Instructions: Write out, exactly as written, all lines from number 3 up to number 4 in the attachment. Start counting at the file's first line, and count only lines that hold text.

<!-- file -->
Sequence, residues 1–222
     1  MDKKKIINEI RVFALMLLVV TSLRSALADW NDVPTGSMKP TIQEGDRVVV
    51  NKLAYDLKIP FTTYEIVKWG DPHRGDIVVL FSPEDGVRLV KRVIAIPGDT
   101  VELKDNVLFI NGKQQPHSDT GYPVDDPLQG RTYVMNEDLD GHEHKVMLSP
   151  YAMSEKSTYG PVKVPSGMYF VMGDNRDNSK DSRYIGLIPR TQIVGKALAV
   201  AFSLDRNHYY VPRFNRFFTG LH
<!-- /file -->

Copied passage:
    51  NKLAYDLKIP FTTYEIVKWG DPHRGDIVVL FSPEDGVRLV KRVIAIPGDT
   101  VELKDNVLFI NGKQQPHSDT GYPVDDPLQG RTYVMNEDLD GHEHKVMLSP